Penis Envy: the weird appendages
Did you know that with the exception of some ducks, birds don’t actually have penises? They have what’s called cloacas – openings that are either filled with semen or eggs – so they literally bump and grind to procreate. No appendages necessary.
Speaking of appendages, not all of them belong to the males. Take the Neotrogla, for example, which is a type of lice. The females have penises, and the males have the equivalent of a vagina – the weird thing is, she penetrates him… not to deliver sperm, but to collect it.
The Neotrogla isn’t the only female with a male-like extension – the female spotted hyena has a ‘pseudopenis’, which can get up to 7 inches long! The weird part is that it isn’t used to penetrate at all – to mate, the male has to go through her entire shaft with his own penis (in this case, it’s fair to say that size matters). As if that’s not bad enough for her, she later has to give birth through this pseudopenis.
Speaking of penises, marsupials are a weird bunch – did you know that the appendage of an adorable male echidna has four heads? Most other male marsupials, like possums and wombats, only have… two heads. The reason is simple: female marsupials have two uteri (and kangaroos have 3 vaginas – it’s complicated).
Blue Balls: precious family jewels
While some of you guys may have heard of the term ‘blue balls’, and even fewer of you have actually experienced it, everyone knows how sensitive a pair of gonads are. There’s a reason nobody sends photos of them to random people.
On the contrary, male monkeys (like vervets and mandrills), love to advertise their dangly bits – because their family jewels are bright blue in colour – by sitting with their legs spread open. It’s a sign of machismo, since the bluer and bigger they are, the more they get swiped right on monkey Tinder. And mothers kick blue-balled juveniles out of their group so they don’t inbreed.
Turning balls blue isn’t the only way hormones advertise their presence. Anyone who’s owned hamsters, gerbils or other rodents will notice that males will develop enlarged goolies once in a while. Larger goolies create more sperm, because to stand out from the rat pack (and to get his genes passed on), he needs all the help he can get. Even if this means he has to put up with looking like he’s dragging a couple of bowling balls in his sack.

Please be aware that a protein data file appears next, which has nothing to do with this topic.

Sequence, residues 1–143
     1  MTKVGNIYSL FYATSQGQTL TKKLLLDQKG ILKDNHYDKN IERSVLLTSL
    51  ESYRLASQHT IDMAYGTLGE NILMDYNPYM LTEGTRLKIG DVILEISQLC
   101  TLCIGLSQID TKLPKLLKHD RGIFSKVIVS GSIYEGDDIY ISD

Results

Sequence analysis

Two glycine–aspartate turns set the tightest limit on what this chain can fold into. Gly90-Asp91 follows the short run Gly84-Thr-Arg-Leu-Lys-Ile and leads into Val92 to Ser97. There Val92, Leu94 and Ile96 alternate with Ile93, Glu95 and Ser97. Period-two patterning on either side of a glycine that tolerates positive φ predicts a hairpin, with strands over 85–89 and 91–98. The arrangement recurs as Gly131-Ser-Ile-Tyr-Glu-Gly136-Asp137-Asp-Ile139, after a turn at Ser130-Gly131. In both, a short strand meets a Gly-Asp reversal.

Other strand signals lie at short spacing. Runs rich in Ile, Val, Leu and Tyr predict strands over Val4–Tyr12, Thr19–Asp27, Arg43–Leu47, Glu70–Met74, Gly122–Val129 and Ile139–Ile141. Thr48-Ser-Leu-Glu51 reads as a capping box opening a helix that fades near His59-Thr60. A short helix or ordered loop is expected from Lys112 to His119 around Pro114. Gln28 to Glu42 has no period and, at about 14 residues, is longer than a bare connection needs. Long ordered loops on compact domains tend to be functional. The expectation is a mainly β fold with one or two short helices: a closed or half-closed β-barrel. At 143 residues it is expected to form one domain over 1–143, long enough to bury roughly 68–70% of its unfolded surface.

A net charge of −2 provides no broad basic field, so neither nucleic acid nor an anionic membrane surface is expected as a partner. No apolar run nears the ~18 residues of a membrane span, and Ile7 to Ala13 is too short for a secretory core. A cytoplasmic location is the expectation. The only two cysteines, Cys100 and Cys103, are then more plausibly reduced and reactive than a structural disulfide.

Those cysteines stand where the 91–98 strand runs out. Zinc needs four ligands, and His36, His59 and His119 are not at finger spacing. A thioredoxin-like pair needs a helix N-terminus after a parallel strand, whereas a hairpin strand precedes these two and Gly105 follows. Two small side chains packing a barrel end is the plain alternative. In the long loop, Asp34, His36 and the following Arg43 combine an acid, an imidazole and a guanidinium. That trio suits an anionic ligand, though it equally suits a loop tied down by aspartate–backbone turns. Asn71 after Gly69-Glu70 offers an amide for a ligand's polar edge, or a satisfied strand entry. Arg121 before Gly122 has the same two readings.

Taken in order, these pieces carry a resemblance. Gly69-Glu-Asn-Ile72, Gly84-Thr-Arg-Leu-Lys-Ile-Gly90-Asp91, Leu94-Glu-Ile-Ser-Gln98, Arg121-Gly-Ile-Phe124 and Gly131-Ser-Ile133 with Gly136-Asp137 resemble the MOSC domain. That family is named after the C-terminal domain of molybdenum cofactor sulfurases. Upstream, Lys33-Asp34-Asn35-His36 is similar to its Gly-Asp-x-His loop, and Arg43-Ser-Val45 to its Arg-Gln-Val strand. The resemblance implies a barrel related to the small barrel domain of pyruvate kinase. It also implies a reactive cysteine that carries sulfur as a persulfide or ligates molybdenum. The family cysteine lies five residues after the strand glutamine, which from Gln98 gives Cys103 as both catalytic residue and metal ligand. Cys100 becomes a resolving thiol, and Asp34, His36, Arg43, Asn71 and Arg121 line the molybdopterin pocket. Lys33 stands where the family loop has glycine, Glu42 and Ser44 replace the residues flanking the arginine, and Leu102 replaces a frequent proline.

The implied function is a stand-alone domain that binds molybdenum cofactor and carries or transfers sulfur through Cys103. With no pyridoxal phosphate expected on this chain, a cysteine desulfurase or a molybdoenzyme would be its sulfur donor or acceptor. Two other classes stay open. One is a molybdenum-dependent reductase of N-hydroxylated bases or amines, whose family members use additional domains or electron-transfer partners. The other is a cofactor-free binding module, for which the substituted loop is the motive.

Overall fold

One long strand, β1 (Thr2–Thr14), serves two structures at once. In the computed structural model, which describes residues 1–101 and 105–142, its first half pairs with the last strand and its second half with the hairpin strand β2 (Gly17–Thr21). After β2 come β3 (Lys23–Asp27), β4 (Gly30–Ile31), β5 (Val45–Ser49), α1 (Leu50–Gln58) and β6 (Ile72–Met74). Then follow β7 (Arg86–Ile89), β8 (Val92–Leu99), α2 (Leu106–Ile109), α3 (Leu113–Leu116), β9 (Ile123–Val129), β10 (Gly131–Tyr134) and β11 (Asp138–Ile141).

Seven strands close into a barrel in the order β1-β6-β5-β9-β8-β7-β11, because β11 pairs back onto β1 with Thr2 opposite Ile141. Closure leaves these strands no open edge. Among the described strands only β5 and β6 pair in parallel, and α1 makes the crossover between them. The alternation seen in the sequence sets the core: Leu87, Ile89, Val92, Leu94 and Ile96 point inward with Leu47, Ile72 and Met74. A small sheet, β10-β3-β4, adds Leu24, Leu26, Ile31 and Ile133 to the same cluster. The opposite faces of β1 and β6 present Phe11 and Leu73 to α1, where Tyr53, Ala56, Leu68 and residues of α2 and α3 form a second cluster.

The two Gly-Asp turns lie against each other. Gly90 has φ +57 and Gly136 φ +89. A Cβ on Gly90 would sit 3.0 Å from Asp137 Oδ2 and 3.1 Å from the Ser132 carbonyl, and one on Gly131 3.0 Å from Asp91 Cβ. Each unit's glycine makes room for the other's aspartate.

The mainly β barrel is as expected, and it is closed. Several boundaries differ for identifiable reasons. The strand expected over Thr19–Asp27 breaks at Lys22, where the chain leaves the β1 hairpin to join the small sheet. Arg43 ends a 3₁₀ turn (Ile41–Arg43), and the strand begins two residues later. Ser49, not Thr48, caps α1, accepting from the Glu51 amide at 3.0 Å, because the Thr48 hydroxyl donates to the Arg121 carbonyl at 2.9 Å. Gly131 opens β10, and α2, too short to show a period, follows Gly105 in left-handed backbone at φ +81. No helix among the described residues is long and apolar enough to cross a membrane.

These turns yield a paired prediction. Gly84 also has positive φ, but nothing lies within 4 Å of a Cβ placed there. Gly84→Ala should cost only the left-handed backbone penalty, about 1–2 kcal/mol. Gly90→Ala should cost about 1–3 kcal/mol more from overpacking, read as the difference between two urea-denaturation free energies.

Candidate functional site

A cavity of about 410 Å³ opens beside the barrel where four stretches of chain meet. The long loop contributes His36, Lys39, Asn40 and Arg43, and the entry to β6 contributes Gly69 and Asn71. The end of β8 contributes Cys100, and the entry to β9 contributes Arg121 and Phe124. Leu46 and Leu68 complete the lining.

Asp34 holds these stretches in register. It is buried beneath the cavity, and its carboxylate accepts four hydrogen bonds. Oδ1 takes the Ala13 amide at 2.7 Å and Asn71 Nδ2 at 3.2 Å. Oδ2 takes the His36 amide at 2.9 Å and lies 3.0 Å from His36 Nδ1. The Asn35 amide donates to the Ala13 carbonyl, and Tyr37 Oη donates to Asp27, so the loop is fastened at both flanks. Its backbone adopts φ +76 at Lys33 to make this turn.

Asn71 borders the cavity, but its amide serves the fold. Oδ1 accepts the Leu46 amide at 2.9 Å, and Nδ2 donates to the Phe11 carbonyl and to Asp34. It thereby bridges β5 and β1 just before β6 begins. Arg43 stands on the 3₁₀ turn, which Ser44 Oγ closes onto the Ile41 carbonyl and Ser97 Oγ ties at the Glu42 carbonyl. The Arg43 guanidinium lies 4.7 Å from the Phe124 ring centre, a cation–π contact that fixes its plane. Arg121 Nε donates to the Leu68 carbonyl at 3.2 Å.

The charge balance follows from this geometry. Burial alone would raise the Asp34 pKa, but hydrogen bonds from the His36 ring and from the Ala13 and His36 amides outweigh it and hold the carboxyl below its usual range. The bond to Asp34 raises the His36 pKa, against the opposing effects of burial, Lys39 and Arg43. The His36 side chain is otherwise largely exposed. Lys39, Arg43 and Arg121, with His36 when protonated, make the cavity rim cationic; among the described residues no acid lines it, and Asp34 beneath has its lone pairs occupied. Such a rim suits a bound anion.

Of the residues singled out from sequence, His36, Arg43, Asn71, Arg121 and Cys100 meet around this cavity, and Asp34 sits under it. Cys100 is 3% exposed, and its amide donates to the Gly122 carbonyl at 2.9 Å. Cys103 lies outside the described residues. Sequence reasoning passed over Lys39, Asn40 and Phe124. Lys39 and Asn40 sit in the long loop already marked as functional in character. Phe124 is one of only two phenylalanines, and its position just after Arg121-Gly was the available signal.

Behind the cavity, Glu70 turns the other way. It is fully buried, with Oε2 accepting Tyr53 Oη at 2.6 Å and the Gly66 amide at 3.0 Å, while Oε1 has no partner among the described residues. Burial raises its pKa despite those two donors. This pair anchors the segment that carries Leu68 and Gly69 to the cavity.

Since we’re on the topic of testes, everyone knows the testosterone within is the reason males develop strong breeding instincts. However, for male semelparous animals, sex is a fatal once-in-a-lifetime affair. For example, the Antechinus (a marsupial) stores a month’s worth of sperm in his gonads and then goes on a breeding rampage until his tank is empty, exhausting him so much that his fur falls off, he bleeds internally, and then he dies.
At least he gets to keep his body intact; when a male drone bee mates, his explosive ejaculation actually rips his penis off (and then he dies).
Too bad these males don’t have the skills of the Arctic squirrel – thanks to bitterly cold and long winters, they hibernate by stopping the production of testosterone which shrinks their testicles down. However, that means that every March, they have to go through puberty all over again. Hormones can really be a literal pain in the balls.